Even apart from the electoral concerns, a shift to more people per representative concentrates power and reduces access to our politicians. It also leaves us with less governance per person, and more of the business of governing done by unelected staff or lobbyists rather than anyone accountable to the people.
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Re: Why can't gamers [of all people] see the advantages of 3 or 5 Reps. per House District?
Steve1501 wrote:
It seems to me that this system has 4 advantages for the American people.
1] Gerrymandering is not very effective. It can be done but it will give a party many fewer additional seats in the House.
2] Especially with 5 Reps/district, it makes it pretty easy for a 3rd party to get some seats in the House.
3] Most people will feel like they personally have a Rep. in the House who speaks for them.
4] Most people in every district will have at least 1 Rep from their party to contact to ask for help with a Gov. office refusing to help them.

Why is it that not 1 person has commented before when I have suggested this idea the 3 times before? It seems like such a good idea to me. Why is it not a good idea?



Why is it a good idea. In what specific practical ways would the country be better. #1-#2 above aren't what I mean by specific/practical... they are theoretical. #3 - most local reps are very popular. #4 - that's not the job of a congressman.

The big issue is whether more/less people per representative makes a meaningful difference in the quality of government. Luckily, we have 50 different states to look at to answer. Each rep in California represents almost 500k people. In New Hampshire, it's around 3,000 per. Is New Hampshire an awesome example of governance? Heck no. It's one of the most effed up political bodies you can image. Here's a list of people per state legislature... I defy anyone to find a pattern that relates quality of legislature to the ratio of people to legislator: https://ballotpedia.org/Population_represented_by_state_legi...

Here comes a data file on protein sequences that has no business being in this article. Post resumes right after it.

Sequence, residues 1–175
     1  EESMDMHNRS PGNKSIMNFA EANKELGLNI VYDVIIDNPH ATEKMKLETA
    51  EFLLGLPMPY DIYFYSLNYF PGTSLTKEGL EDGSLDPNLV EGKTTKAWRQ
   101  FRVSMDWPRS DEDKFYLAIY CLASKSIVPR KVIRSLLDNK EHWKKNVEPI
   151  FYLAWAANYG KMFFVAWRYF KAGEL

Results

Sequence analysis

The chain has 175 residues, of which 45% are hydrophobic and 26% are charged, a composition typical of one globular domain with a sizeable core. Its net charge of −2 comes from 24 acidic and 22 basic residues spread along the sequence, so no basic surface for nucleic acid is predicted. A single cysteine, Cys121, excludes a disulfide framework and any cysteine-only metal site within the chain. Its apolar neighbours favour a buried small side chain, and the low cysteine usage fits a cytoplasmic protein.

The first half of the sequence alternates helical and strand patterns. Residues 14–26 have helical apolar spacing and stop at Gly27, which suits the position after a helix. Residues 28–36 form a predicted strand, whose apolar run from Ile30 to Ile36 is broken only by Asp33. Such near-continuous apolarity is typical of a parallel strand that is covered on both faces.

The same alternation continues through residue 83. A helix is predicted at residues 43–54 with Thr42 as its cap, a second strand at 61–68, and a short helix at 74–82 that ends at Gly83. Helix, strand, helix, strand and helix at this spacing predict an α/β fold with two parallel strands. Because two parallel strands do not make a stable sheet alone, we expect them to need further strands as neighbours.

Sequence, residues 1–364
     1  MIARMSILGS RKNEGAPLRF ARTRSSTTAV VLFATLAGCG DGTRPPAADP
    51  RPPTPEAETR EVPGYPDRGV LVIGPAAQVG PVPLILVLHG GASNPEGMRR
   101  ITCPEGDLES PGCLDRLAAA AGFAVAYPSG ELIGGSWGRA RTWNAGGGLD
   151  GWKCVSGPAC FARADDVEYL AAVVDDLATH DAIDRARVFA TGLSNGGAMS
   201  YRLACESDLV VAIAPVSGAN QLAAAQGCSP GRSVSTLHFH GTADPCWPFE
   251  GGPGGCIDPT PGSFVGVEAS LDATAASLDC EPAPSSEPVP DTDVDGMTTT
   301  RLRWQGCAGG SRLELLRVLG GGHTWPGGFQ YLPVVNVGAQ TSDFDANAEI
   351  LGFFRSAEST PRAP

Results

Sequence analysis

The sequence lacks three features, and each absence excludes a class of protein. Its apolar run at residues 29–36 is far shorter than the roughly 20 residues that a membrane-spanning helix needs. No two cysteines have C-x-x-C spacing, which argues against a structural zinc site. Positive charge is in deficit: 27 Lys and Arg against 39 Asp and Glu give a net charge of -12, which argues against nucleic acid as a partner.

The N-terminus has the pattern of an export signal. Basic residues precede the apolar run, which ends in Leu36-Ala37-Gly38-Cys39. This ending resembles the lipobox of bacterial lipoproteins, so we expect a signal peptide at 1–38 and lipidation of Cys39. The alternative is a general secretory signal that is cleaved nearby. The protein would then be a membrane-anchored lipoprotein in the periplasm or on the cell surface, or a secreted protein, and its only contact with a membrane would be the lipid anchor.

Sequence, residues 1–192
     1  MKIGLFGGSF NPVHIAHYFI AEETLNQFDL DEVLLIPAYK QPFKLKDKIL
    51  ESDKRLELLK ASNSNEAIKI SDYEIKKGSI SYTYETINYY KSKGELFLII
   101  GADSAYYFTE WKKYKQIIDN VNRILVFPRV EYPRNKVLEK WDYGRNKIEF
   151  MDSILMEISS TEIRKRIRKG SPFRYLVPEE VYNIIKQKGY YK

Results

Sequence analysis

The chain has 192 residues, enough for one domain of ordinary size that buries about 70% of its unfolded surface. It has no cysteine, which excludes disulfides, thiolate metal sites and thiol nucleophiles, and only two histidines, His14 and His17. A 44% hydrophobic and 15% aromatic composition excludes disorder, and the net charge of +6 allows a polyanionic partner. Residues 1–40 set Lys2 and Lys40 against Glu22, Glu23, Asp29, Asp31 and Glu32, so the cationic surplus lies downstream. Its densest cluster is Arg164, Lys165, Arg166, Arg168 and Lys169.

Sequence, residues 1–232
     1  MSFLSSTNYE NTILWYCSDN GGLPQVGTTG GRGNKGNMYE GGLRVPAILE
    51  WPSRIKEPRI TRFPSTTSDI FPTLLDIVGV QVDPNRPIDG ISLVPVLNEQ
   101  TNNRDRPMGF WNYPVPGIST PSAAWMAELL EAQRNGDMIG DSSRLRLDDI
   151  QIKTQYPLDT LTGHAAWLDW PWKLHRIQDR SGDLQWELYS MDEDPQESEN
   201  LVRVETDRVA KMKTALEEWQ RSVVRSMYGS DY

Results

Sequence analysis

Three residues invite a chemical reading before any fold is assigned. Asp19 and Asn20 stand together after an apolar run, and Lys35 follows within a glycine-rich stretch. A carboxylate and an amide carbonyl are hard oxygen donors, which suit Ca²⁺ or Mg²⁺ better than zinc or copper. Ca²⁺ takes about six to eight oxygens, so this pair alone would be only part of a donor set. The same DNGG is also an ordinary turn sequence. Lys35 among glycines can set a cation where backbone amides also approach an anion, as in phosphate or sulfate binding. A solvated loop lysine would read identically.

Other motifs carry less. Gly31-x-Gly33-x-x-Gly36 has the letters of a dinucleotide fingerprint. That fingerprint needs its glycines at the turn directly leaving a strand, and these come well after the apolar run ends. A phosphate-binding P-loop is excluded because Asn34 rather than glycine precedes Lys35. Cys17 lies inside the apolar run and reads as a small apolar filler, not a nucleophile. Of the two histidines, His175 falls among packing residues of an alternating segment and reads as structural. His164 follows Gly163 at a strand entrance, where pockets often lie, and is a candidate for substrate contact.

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Re: Why can't gamers [of all people] see the advantages of 3 or 5 Reps. per House District?
Steve1501 wrote:
damiangerous wrote:
Steve1501 wrote:
There are 435 Reps. and 50 states that is an average of 435/50 = 8.7 per state. If there are 4 states with just 1 Rep. then it leaves 431/46 = 9.28 Reps/state.

So, there could be 3 Reps./district on average easily. However, 3/dist. will almost always result in a 2-1 split. With 5/dist. there are more choices: 3-2, 4-1, and 2-2-1, for example. This lets a 3rd party get a seat with 20% of the voters, by them voting 5 votes for 1 candidate. Obviously, the 3 candidates who got the most votes are the 3 new Reps. from that district.